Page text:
The address is 150 S San Fernando Blvd, Burbank, CA 91502:

It’s the Valley, so parking is easy. And there’s, like, three movie theaters within walking distance; after you make friends with fellow PAs, you can go catch an afternoon screening of Chappie.1

That’s what I’m gonna do.

Footnotes    (↩ returns to text)
  1. It’s just Short Circuit with better effects, right? I can’t be the only one who sees this.
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Set Life Versus Office Life

Brianna writes in:

My life goal is AD.

I was just told by a PA as green as I am that I should take a job as an office PA because I didn’t go to film school and the office is a great classroom and that everyone should do it once.

I know that being an AD involves PRs and office related work, but I’m just worried I’ll go crazy if I’m stuck in an office all day for the next 6 months (I quit my comfy, salaried office job because I was going crazy – coincidentally how I got my first PA gig).

I’ve only done set jobs, one of which required me to work in the office for one day, during which I ran a few errands then literally sat around for 8 hours (despite, of course, always asking everyone if anything needed done [it was a small reality production]).

My biggest worry is not that I’ll be bad at the work (because I won’t be) but that I’ll get bored with it and thus not come off as the super stellar (albeit green) PA that I’m rumored to be. (I like to think the rumors are true.)

Any advice? Would you shy away from office work because set life is where you thrive or do it just to say you’ve done it once and know what it’s like?

First of all, if you worked in the office for a day, you were an office PA. You’ve done it. Hurray! You’ve learned how boring it is.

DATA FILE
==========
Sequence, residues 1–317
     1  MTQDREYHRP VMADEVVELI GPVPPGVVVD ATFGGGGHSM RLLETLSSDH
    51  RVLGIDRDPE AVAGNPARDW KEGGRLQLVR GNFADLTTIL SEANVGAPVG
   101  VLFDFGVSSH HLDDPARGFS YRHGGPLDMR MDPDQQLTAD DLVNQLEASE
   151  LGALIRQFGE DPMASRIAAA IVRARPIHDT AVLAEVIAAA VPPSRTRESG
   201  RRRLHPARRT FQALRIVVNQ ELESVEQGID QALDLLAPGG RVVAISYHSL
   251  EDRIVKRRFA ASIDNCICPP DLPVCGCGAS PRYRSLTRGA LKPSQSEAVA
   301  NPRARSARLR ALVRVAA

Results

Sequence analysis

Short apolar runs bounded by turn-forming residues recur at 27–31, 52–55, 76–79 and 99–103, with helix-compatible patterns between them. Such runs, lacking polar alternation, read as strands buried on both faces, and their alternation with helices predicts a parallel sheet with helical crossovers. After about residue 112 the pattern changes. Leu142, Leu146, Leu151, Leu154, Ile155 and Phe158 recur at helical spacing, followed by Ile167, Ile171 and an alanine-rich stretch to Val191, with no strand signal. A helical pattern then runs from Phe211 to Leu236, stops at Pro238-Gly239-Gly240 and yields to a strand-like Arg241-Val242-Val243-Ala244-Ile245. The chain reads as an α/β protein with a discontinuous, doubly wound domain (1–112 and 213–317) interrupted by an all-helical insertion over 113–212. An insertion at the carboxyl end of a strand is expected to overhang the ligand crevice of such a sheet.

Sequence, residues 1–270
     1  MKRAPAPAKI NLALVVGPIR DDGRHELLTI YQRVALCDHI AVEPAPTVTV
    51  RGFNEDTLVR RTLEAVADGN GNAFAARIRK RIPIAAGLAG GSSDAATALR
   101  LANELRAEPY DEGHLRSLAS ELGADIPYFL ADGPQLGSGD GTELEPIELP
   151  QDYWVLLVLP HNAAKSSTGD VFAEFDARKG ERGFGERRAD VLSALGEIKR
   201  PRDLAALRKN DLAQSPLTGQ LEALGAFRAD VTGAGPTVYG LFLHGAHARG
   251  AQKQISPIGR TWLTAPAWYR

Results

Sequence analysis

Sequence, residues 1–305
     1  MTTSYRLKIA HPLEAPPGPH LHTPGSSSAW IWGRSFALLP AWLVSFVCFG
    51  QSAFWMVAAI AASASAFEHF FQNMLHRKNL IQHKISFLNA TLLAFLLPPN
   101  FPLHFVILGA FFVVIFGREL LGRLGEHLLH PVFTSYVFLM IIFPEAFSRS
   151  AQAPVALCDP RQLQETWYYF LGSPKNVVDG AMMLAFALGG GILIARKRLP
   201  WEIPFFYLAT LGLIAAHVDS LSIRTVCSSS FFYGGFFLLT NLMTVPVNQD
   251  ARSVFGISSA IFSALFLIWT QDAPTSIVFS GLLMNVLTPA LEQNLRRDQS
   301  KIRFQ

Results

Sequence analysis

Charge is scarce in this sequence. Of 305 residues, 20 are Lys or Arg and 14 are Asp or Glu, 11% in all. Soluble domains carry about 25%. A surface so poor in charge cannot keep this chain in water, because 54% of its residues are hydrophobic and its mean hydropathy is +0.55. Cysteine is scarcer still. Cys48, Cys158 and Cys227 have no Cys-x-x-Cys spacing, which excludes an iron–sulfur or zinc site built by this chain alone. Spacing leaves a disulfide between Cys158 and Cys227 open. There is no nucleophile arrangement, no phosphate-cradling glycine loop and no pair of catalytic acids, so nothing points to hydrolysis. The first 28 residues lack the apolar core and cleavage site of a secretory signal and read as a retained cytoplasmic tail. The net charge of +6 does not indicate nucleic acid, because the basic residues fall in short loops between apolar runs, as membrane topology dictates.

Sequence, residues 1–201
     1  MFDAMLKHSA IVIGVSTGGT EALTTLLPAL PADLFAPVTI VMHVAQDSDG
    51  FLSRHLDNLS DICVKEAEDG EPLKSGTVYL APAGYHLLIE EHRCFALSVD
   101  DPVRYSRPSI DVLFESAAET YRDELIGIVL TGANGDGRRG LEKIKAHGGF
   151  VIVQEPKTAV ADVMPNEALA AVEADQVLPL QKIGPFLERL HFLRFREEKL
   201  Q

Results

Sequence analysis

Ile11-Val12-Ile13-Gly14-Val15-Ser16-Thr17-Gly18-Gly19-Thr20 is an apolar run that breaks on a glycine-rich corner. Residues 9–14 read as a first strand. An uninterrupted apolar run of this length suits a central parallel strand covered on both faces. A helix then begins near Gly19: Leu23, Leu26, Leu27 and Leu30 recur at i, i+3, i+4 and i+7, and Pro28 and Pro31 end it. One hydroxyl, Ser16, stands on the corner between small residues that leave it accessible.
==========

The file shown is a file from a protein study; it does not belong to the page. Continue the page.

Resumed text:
You did get good advice; everyone should probably work both on set and in the office at some point. You just don’t know which is the right position for you, until you try.

But there’s no reason to torture yourself. If you hate the office, never go back. Unless, you know, you need to. Sometimes the only offer you have is for a job you don’t want. A girl’s gotta eat.

Posted in On the Job | Tagged , , , | 4 Comments

The Gravity Lawsuit and Adaptation

Do you listen to Scriptnotes?

You should; it’s awesome. For those of you who don’t know, it’s a podcast about screenwriting, and things that are interesting to screenwriters.

This week’s episode explains “The Deal with the Gravity Lawsuit.” It’s extremely illuminating, and if you’re new to the business, I highly recommend listening to it. There’s a lot of minutia, but it’s important minutia.

tl;dl: Writer Gerritsen believes that the film Gravity is based on her novel of the same name. It’s not a completely insane claim; New Line bought the rights to her book, Warner Brothers bought New Line, Warner Brothers produced a film with the same name in the same setting (near Earth orbit).

Gerritsen isn’t suing over her copyright; they bought the film rights fair and square. She’s suing because she’s owed a bonus if a film was ever made of her book. Warners says the Sandra Bullock movie was developed separately, and any similarities are coincidental.

The novel is rather different from the movie, but one could imagine how the development process could transform one into the other. In fact, Gerritsen claims just that. I don’t know anybody involved, and either version seems plausible to me.1

Anyway, back to Scriptnotes. At around 46:32, Craig says:

Let’s say Gerritsen never sells her film rights to New Line Productions, okay? She just publishes her book, she goes on her merry way.And then one day, Warner Brothers makes Gravity.

Same situation. The only thing that’s different is that she didn’t sell the film rights to New Line. Would she not be able to sue Warner Brothers? Of course she would. And what would the law suit be? It would be a copyright case.

The problem with this hypothetical is, saying that the purchase is the “only” thing that’s changed presumes that the Cuaróns would have written Gravity with out having read her book (or the screenplay based on her book).

I don’t know whether that’s true or not; I don’t know if they ever saw the book or screenplay, even. But the hypothetical situation assumes that they did, in fact, come up with the screenplay on their own, which is the point of contention.

In other words, Craig’s argument that Gerritsen is wrong rests on the assumption that she’s wrong. It’s circular logic.

Here, I believe, is a better hypothetical situation, followed by a question I genuinely do not know the answer to–